Irish researcher Arvind Negi (National University of Galway) asked on the science channel ResearchGate (https://www.researchgate.net/ ) why a cancer cell both develops its own acidity and thrives in an acidic environment. He sparked quite a lively discussion. Here is a summary of the discussion.
Greek breast cancer researcher Constantine Kaniklidis knew that acidification of the cellular microenvironment is a phenomenon known to facilitate the penetration of cancer into healthy tissue through three main mechanisms: 1) destroying healthy cells that hit its path; 2) acid-induced degradation of the extracellular matrix; 3) angiogenesis. Prolonged exposure of healthy cells to the acidic microenvironment results in either sudden (necrosis) or programmed cell death (apoptosis) through p53-dependent and caspase-3-dependent mechanisms. It is quite well known how the acidic metabolites developed by cancer promote the attack of a cancerous tumor on healthy tissue. Healthy cells have a limited ability to survive in an acidic microenvironment while cancerous tumors thrive in it. It appears that cancer cells are able to effectively avoid acid-induced cell death.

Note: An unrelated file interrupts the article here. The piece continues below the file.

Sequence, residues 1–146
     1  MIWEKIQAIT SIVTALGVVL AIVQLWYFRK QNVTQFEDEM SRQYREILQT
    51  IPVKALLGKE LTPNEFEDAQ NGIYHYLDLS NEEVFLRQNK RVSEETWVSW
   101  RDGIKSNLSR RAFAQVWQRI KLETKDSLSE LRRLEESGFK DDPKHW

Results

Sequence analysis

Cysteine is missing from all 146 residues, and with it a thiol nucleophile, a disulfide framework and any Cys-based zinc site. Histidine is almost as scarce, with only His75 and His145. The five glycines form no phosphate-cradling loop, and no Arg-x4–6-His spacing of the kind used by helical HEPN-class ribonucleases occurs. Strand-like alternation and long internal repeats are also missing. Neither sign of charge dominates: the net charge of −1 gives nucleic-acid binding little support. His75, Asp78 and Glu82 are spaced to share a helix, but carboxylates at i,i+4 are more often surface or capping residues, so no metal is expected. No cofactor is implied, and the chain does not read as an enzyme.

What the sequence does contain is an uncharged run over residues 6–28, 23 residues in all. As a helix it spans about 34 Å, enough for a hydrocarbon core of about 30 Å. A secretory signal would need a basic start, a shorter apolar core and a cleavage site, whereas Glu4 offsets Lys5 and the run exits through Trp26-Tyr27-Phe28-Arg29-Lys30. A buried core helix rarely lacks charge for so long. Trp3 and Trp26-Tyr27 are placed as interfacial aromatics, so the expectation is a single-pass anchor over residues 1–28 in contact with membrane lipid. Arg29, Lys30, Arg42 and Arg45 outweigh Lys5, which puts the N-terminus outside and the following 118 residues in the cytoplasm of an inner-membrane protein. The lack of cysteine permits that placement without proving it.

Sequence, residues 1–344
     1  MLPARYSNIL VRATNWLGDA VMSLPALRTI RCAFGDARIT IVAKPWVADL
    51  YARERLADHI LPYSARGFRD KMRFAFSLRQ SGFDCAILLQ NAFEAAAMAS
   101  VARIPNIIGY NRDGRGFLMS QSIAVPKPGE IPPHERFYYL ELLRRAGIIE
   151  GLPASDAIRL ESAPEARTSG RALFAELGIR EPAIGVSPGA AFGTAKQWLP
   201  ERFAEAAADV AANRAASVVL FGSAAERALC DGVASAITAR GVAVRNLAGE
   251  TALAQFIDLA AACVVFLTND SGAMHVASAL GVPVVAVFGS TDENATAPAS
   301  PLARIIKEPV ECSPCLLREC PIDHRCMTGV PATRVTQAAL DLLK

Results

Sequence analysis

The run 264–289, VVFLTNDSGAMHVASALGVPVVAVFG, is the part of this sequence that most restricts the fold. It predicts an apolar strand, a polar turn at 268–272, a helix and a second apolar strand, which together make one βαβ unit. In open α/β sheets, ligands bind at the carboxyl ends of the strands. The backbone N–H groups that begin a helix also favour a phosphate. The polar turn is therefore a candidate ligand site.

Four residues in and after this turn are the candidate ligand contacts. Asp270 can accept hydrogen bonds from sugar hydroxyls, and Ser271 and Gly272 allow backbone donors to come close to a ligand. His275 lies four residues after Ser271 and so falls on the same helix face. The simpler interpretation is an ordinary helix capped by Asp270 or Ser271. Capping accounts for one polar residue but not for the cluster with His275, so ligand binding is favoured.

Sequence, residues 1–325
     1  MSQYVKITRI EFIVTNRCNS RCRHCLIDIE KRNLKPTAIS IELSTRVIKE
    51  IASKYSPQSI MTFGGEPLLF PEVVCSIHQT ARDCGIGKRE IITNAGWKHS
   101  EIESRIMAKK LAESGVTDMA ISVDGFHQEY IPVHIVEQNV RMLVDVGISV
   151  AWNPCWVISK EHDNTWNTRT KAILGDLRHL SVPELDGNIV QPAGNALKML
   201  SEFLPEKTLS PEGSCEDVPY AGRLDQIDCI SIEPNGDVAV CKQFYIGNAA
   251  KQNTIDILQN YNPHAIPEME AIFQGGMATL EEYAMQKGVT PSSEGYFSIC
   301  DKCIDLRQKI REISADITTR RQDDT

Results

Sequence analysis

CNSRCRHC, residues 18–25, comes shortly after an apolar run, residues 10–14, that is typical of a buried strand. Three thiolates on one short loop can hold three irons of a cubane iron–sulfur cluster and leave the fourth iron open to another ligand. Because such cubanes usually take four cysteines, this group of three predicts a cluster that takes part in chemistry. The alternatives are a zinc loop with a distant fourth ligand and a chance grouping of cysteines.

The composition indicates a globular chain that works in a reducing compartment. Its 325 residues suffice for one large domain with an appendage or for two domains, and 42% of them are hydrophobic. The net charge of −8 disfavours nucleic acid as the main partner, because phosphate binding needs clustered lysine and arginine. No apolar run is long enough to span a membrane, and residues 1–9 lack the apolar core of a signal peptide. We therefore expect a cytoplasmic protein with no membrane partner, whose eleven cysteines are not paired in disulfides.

Professor Roberto Leoncini recalled that this is the Warburg effect. By keeping the microenvironment of the cell more basic, cancer growth can be prevented. Russian researcher Sergey Doronin added to this that low pH is an indication that carbonic acid and carbon dioxide are accumulating in tissues. The primary cause of this increase in acidity is incomplete oxidation in the cells, which is reinforced by inadequate blood flow to cancer cells. Lactate (lactic acid) is also easily accumulated in cancer cells, which effectively lowers the pH of the cell. Clinical chemistry researcher Hishyar Azo Najeeb considered it likely that poorly functioning mitochondria in cancer cells are behind everything. American cancer doctor Stephen Strum brought further light to this mitochondrial issue by speculating that the cancer cell deliberately allows the mitochondria to malfunction to secure the cell’s unusually strong transition to anaerobic (anaerobic) metabolism. This preference for anaerobic metabolism is associated with a more sensitive onset of metastasis and a tougher survival ability of cancer cells. The cancer cell does everything it can to survive and spread.
Cancer researcher Emily Taylor knew that intracellular reactive metabolites can accumulate in unusually large cancer cells with abnormally lively metabolism. When impaired blood circulation is then added to this, the cancer cell is forced to develop clearance mechanisms against acidity. Cancer cells are able to resist reactive metabolites (ROS) with a special antioxidant response element (ARE). In advanced tumors, cancer cells are able to utilize dietary antioxidants for their own needs. Not to mention that acidity due to lack of oxygen suppresses the immune system’s ability to resist cancer growth. Acid cancer cells are also better protected against radiation treatments. They are actually quite devilish those cancer cells!
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